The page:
In theory, offshore funds can be listed on the Luxembourg Stock Exchange (LuxSE), but in practice it has been difficult. Recently, the LuxSE’s rules have been modified to permit foreign funds listing in the hope of establishing Luxembourg as a jurisdiction for the administration and distribution of offshore funds, particularly hedge funds. The main change is that offshore funds, incorporated for example in the British Virgin Islands or the Isle of Man, can be listed on the LuxSE even though their shares are not restricted to sophisticated investors investing a minimum $100,000 (£559,000), which remains an ISE requirement.
In a further effort to grow and diversify its fund industry, Luxembourg recently introduced a flexible and tax-efficient vehicle for ‘qualified’ private equity and venture capital investors, called the Société d’lnvestissement en Capital à Risque (Sicar). Furthermore, Sicars are regulated by the Commission de Surveillance du Secteur Financier (CSSF) and can be listed on the LuxSE.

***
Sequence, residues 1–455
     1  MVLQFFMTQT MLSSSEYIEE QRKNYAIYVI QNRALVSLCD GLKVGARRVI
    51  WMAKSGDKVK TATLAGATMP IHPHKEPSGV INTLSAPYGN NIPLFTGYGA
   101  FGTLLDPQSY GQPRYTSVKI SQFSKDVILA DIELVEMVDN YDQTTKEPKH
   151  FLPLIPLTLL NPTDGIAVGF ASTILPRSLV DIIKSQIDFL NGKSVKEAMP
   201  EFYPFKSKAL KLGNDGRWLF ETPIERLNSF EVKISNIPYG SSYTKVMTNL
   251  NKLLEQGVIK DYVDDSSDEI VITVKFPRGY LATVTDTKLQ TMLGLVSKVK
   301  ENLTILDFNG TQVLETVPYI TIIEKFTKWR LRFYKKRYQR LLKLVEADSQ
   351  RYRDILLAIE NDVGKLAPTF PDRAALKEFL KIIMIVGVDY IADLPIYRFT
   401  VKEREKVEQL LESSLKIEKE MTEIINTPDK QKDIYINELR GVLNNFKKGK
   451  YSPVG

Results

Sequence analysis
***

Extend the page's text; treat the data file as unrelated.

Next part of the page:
Securitisation, which involves pooling assets and transferring them to a special purpose vehicle (SPV), which in turn issues securities to the market, is the subject of another recent Luxembourg law. Although securitisation has existed for some time in other jurisdictions, the Luxembourg alternative broadly provides a flexible legal framework for the structuring of the securitisation deals without limiting the types of assets to be securitised, while also providing tax neutrality and a high level of investor protection.
The existence of banking secrecy in Luxembourg has contributed to the establishment of approximately 170 different banks and credit institutions in Luxembourg. However, in recent years the words ‘banking secrecy’, like the word ‘offshore’, have become somewhat stigmatised. The purpose of banking secrecy is to protect information concerning professionals of the financial sector and their respective clients from access by third parties, whether private or official. In this sense it is similar to the professional secrecy of doctors and lawyers, being no more than the protection of the private sphere of the citizen. Luxembourg banking secrecy is lifted when there is sufficient evidence to indicate that the funds are derived from a range of criminal activities (such as terrorism). The existence of banking secrecy does give Luxembourg an edge over its competitors, but in reality the reason behind Luxembourg’s success as a financial centre can be attributed to its ability to implement and benefit from European legislation quickly and efficiently.